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Drought

OPINION
October 23, 2007
Dear Editor, To rain or not to rain, that's the question? Some parts of Kentucky are in a severe to extreme drought. Appalachia, Va., has a 30-day supply of drinking water. Atlanta, Ga., has a 90-day supply of water for 5 million people. We can go to the grocery store and see the shelves stocked with a bountiful supply of vegetables and food stuff. We are becoming complacent and taking it for granted that this will always be the case. There is a God in the third heaven who put the thousands of stars and planets in a perfect synchronized order.
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NEWS
STEPHANIE SCHELL | October 11, 2007
STANFORD - Bill Payne recently laid 1,000 feet of waterline, but he's not building a home. He's hydrating his livestock. "This is as close as we've got to a real hard spot," said Payne, a Lincoln County farmer who's boasted the profession since 1974. His dairy farm operation, Knob Lick Farms LLC on Ky. 300, now is partially operating on Hustonville city water, thanks to the drought. The south end of the farm has two natural springs that used to help keep Payne's livestock satisfied.
NEWS
October 10, 2007
FARM SERVICE AGENCY A lack of moisture, over an extended period of time, has caused producers in Boyle County to suffer from the effect of severe drought conditions. Farms experiencing severe drought conditions may be eligible for cost-share assistance under Emergency Conservation Program. This disaster program is administered by the U.S. Department of Agriculture, Farm Service Agency, which provides cost-share assistance if the damage is so severe that water available for livestock or orchards and vineyards has been reduced below normal to the extent that neither can survive without additional water.
NEWS
October 4, 2007
A lack of moisture over an extended period of time has caused producers in Clark County to suffer from severe drought conditions. But, farms experiencing severe drought conditions may be eligible for cost-share assistance under the Emergency Conservation Program. This disaster program is administered by the U. S. Department of Agriculture, Farm Service Agency, which provides cost-share assistance if the damage is so severe that water available for livestock or orchards and vineyards has been reduced below normal to the extent that neither can survive without additional water.
SPORTS
Nancy Leedy | September 27, 2007
The Lincoln County High School volleyball team has collected its share of wins on the court this season, but the victories the Lady Patriots wanted most ? the district wins ? always managed to elude them. Until Tuesday. The Lincoln faithful cheered as the Lady Pat seniors were honored during the pre-game and, by the end of the match, the cheers had turned to a roar as Lincoln knocked off District 43 rival Casey County 2-1. "They really wanted this win tonight," said Lady Pat Coach Amanda Massey.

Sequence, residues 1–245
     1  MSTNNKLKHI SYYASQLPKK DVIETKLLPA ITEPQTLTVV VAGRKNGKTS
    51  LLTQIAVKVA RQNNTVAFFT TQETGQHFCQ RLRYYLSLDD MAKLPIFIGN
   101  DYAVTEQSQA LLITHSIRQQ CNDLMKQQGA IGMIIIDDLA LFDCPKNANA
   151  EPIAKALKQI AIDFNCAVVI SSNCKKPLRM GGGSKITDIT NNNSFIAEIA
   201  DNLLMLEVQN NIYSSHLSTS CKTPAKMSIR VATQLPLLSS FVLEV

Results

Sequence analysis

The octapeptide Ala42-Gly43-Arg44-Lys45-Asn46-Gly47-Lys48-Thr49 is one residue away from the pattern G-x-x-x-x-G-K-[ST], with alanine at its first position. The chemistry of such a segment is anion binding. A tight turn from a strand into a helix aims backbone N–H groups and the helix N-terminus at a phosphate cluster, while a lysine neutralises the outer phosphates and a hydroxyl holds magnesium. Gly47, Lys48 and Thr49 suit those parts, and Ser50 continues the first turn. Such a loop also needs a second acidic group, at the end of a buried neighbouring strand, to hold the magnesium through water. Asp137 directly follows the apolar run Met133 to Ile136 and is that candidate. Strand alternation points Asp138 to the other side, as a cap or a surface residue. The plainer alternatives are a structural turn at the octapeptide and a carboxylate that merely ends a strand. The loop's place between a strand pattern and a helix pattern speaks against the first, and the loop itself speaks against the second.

FEATURES
JERRY LITTLE | September 26, 2007
The unusual weather conditions of 2007 are creating management problems for Kentucky beef producers. The late spring freeze severely damaged the first cutting of hay, reducing yields by as much as 50 percent. The hot, dry weather that has occurred since has limited pasture growth and has many producers very short of hay and out of pasture. Producers are wondering how they are going to cope with both issues at the same time. While good management decisions can not make it rain, they can help producers hang on in the most economical manner possible.
NEWS
DAN GRIGSON | August 30, 2007
The effect of the extended drought on pastureland may be a little variable. The real question during and toward the end of a drought is whether the plants are still alive, or did they expend too much energy, or were too stressed during the drought and are now dead. Kentucky farmers use a large variety of grasses and legumes in their pastures and the drought and grazing pressure will probably hit each one differently. Alfalfa will go into a dormant state and will generally not be hurt very much by hot, dry weather.
NEWS
BRENDA S. EDWARDS | August 26, 2007
MINTONVILLE - Barbara Hettnansperger enjoys an early morning walk in the woods to observe nature. It helps get her day off to a good start, she says. This summer, though, the Casey County woman sees a big difference in the woods. Many trees already have turned brown and are loosing their leaves. "Even the weeds look stressed," she says. Hackberry and walnut trees usually start to lose their leaves in mid September, but this year their leaves are almost gone now. "The oak trees look fine, but leaves on some of the other trees have begun to turn brown and shrivel up," said Hettnansperger.
NEWS
August 17, 2007
Boyle County Judge-Executive Tony Wilder issued an order Thursday prohibiting all outside burning in the county. "Due to the extreme drought and accompanying high temperatures, there exists very serious fire hazard conditions," Wilder said in issuing the burn ban. The ban will remain in place until conditions improve.
NEWS
DAN GRIGSON | August 16, 2007
Pastures have been suffering for some time, and in many places are as brown as the desert. To me, the lack of midsummer rain only points out more clearly that we are possibly too reliant on cool season grasses for our pasture program. Even though it has been so dry, alfalfa has done pretty good. We need to get more alfalfa-grass into our grazing programs. The warm season grasses can also help us. However, when it does not rain, even warm season grasses won't grow. Look around and you will see that alfalfa has handled this dry weather pretty well.
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